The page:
|Author: David Batashvili, Research Fellow at the Rondeli Foundation
China Radar: South Caucasus is a monthly publication by Rondeli Foundation (GFSIS) dedicated to China’s activities and influence in the three nations of South Caucasus.
With the global rise of great power tensions and competition related to China’s role in the world, Rondeli Foundation began to take a closer look at China’s role in our own region. Since July 2020, we have been publishing China’s Activities in the South Caucasus digest that exhaustively covers events and developments in this regard. China Radar builds on China’s Activities digest to provide experts, researchers, civil servants and other observers of China’s foreign strategy with a comprehensive summary of China’s political, diplomatic, economic, informational, soft power and other activities towards Armenia, Azerbaijan and Georgia as well as these nations’ stances and actions concerning China.
Sources of information provided in China Radar can be found in the issues of China’s Activities digest covering the relevant months unless indicated otherwise. All issues of both China Radar and China’s Activities digest can be found on Rondeli Foundation’s China Watch page.
China’s Presence, Activities and Influence in the South Caucasus
On 7 November, China’s ambassador to Georgia, Zhou Qian, met with the European Socialists party members, including its chairman, Fridon Injia, and deputy speaker of the Georgian Parliament, Avtandil Enukidze.
Fridon Injia told the Chinese ambassador that his party “fully shares the concept and the policy of governing the country, which the Chinese Communist Party implements in your country,” and that in order to popularize China’s state governance model, the said model should be “introduced in any region or district of Georgia and its modernization [should] be done with the idea of implementing economic or social projects”.
Injia also spoke of the need to prepare a memorandum of cooperation in order to deepen the relationship between the European Socialists and the CCP.
Chinese Ambassador to Armenia, Fan Yong, held a series of meetings with Armenian political parties.
On 9 November, Fan Yong met with leaders of the National Agenda Party, Ara Hakobyan and Ara Gasparyan.
On 10 November, he met the heads of the Republican Party, Aram Sargsyan, and the European Party of Armenia Tigran Khzmalyan. The Armenian politicians reportedly expressed support for the Belt and Road Initiative as well as readiness to adopt “the successful experience of China’s economic and social development.”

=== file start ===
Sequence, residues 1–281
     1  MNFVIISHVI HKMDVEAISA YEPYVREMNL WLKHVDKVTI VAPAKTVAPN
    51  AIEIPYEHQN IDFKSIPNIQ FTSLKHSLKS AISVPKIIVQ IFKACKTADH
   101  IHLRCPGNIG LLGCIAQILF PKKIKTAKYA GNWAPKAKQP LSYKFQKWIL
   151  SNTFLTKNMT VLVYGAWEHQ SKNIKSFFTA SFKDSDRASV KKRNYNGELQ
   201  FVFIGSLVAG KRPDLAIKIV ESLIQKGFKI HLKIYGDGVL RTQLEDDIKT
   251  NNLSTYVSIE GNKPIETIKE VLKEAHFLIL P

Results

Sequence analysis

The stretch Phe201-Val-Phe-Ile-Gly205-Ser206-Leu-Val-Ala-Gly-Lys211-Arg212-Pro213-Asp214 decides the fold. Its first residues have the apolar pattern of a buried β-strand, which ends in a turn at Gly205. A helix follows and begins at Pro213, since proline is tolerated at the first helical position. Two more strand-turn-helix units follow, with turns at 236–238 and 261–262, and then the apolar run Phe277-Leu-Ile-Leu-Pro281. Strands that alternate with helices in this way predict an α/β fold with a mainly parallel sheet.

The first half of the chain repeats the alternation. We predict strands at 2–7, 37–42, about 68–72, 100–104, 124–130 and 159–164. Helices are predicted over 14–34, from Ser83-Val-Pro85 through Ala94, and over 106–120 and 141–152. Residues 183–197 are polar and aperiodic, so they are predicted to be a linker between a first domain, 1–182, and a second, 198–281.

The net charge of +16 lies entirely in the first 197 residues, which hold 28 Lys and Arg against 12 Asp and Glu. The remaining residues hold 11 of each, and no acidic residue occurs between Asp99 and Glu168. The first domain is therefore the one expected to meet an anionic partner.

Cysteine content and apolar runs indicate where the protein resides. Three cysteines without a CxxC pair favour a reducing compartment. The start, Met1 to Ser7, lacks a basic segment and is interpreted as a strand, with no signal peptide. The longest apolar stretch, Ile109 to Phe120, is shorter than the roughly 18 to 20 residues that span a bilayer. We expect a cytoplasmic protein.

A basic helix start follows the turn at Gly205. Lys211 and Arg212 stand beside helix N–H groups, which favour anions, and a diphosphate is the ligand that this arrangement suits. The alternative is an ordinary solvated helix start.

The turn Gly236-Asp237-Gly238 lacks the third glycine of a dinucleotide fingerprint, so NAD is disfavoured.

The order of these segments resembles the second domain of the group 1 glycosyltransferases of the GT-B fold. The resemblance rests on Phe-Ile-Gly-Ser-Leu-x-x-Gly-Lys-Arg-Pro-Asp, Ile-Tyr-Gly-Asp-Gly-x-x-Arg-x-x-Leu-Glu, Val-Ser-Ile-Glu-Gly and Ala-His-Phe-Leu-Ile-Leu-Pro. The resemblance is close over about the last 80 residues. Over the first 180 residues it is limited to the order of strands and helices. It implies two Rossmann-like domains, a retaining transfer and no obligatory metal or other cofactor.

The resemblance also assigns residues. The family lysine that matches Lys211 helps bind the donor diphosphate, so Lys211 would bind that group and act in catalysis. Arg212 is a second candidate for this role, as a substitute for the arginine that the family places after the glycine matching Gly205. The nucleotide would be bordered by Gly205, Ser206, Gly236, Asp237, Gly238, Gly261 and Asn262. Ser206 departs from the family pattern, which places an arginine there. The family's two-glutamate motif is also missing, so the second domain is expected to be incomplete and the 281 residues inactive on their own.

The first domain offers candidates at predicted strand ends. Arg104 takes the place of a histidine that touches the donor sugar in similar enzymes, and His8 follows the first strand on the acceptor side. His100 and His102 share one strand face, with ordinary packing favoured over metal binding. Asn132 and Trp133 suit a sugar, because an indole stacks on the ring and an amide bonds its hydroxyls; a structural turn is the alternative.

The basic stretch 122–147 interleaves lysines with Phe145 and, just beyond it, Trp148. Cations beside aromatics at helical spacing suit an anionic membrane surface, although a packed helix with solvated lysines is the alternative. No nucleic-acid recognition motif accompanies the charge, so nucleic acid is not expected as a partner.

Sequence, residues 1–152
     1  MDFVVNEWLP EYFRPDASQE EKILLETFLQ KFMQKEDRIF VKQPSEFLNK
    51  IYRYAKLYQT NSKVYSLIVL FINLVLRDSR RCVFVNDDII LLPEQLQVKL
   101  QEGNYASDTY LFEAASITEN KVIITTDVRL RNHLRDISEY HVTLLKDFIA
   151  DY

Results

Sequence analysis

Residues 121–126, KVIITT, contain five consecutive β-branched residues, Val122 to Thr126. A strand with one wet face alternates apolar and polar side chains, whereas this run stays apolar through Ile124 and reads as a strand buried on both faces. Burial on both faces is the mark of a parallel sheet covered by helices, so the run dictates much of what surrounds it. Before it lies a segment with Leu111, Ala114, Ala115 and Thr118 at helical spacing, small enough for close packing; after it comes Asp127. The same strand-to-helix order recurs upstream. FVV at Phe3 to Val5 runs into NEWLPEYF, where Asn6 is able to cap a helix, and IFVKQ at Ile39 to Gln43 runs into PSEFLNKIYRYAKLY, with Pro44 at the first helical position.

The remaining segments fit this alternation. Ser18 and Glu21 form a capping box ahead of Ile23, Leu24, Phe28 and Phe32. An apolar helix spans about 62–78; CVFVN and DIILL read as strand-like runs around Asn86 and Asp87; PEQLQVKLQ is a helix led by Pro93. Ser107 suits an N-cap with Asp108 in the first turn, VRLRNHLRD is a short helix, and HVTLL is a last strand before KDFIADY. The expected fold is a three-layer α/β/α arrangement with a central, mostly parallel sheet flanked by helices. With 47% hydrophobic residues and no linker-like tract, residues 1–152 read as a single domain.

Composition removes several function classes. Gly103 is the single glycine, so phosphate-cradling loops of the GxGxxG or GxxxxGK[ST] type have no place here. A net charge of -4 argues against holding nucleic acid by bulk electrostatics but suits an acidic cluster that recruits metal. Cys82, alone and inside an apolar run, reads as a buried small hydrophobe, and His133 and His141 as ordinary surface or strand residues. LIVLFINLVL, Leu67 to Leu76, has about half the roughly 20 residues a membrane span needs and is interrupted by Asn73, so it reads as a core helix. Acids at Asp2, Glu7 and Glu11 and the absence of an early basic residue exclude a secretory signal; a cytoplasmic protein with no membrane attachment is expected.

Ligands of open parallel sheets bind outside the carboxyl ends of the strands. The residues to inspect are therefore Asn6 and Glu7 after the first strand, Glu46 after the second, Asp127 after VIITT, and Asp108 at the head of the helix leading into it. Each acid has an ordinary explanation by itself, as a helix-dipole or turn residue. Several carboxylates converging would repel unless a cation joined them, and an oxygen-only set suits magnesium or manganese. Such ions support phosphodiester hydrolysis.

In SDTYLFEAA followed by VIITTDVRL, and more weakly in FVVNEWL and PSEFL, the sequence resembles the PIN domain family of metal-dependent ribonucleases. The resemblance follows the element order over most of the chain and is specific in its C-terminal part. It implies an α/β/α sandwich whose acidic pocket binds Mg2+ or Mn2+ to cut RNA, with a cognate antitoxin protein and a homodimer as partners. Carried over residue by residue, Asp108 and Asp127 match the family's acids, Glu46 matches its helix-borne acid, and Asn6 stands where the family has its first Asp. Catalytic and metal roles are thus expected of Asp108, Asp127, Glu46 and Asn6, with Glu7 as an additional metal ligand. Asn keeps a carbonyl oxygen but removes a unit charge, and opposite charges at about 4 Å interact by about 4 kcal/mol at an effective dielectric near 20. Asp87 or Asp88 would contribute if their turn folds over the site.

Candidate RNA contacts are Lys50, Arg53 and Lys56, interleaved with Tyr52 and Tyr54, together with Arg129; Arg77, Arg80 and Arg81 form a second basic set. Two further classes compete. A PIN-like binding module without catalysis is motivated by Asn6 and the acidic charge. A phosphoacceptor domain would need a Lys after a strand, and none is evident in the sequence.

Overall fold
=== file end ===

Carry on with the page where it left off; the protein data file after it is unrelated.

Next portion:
On 22 November and 23 November respectively, Fan Yong held meetings with the chairman of the National Christian Party, Ara Zohrabyan, and members of the With Honor faction of the National Assembly of Armenia.
In a 4 November interview, China’s ambassador in Azerbaijan, Guo Min, promoted Chinese foreign policy concepts expressing Beijing’s readiness to cooperate with Azerbaijan in the implementation of the Global Development and Global Security Initiatives as well as building the community of common destiny for mankind.
In a 18 November meeting with representatives of Georgian think tanks, academia, political parties and media, China’s ambassador to Georgia, Zhou Qian, said that his country “welcomed Georgia to participate in the cooperation of the Global Development Initiative.”
The Chinese ambassador also issued some anti-Western messages saying among other things that “in the last few decades, especially after the collapse of the Soviet Union, many countries in Asia, Africa, and Latin America adopted the Western model, introducing liberal economics and democratic elections, but they have suffered a double failure – political and economic.” In contrast to the Western model of modernization, Zhou Qian said that “Chinese-style modernization would help create a society with a shared future and a new form of human civilization.”
On 29 November, Zhou Qian said in an interview that the Chinese side was ready to strengthen the Belt and Road cooperation with Georgia, and “to ensure the convergence of this project with the Middle Corridor.”
Economic Involvement and Connections
A new freight train service linking Mianyang, Sichuan province, China and Tbilisi, Georgia, was launched on 17 November. Leaving Mianyang, the train with 50 containers was expected to arrive in Tbilisi in 18 days.
SOCAR’s Baku Higher Oil School in Azerbaijan signed a memorandum of understanding with Huawei to establish a Huawei ICT Academy. Huawei pledged that the Academy would support “the transition to a digital economy,” providing students with access to “Huawei’s innovation and know-how.”